Top military officers say: "Keep law banning homosexuals"

With increasing buzz from the Obama administration and from the Democrat-controlled Congress about overturning Bill Clinton's interpretation of the 1993 law banning open homosexuals from serving in the military, over 1,000 military officers, including top flag rank officers, are urging President Barack Obama and the Congress to maintain the law that bars homosexuals from serving openly in the armed forces.

President Clinton, as one of his first acts as president, tried to overturn the law banning open homosexuals from serving in the military. After one of the largest grass-roots uproars of all time, the Democrat-controlled Congress in 1993 passed a law reaffirming the long-held view that open homosexuals should not serve in the military.

That is when Clinton contravented the law passed by Congress and adopted his "Don't Ask, Don't Tell" administrative rules which the homosexual lobby opposed and groups such as the Center for Military Readiness opposed for different reasons.

It's president, Elaine Donnelly -- who, along with Admiral Thomas Moore, led the effort to oppose Bill Clinton's policy in 1993 -- was responsible for gathering the signatures of the 1,000 military officers opposing Obama's latest social policy encroachment on the military.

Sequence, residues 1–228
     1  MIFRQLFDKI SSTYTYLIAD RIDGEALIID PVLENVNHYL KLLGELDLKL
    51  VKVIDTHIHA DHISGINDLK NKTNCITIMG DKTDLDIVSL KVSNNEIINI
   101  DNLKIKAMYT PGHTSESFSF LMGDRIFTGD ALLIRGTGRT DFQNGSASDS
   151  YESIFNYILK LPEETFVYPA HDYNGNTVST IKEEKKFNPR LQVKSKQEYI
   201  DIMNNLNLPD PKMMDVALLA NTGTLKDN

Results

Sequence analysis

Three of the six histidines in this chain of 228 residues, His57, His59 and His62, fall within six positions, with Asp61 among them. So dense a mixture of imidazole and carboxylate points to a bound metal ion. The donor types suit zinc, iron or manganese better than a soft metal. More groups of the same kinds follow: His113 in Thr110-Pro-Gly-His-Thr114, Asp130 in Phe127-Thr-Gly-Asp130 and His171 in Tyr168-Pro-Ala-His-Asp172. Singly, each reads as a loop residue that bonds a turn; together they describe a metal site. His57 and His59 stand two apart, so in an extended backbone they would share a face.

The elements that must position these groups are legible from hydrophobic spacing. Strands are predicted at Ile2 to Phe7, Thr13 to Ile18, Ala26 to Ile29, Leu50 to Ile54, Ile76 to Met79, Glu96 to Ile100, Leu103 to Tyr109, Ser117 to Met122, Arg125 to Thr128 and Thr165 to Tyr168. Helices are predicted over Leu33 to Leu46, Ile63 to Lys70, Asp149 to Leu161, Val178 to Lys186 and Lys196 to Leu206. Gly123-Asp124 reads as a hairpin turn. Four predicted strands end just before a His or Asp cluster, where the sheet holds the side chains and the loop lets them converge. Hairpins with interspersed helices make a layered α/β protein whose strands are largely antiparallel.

In their letter to President Obama and Congress, these 1,000 military officers said that passage of a bill -- which has already introduced in Congress -- allowing open homosexuals to serve in the military "would undermine recruiting and retention, impact leadership at all levels, have adverse effects on the willingness of parents who lend their sons and daughters to military service, and eventually break the All-Volunteer Force." Indeed, if the law was to pass, up to 25% of military personnel said they would quit the military or would consider resigning, including over 10% who would definitely quit the military over Obama's change in policy according to a recent poll.

The officers also said that they strongly supported the principle that "homosexuality is incompatible with military service" and warned that "unit cohesion" and lowered morale would be the result of the passage of such a law by the Democrats in Congress. Former commandant of the Marine Corps, General Carl E. Mundy, Jr,, according to the Associated Press, said that he believed that a "large segment" of currently serving officers shared the views expressed in the statement signed by the 1,000 military officers.

General Mundy said: "We just see a great many downsides to attempting to enforce on the military something I don't know is widely accepted in American society." Joining General Mundy in signing the letter to Obama and the Democrat-controlled Congress were other top-ranking military officers such as: Admiral Leighton W. Smith, a former commander of the U.S. Naval Forces Europe, General Charles A. Horner, who commanded U.S. aerial forces during the 1990-1991 Gulf War, and Admiral Jerome L. Johnson, a former vice chief of Naval Operations.

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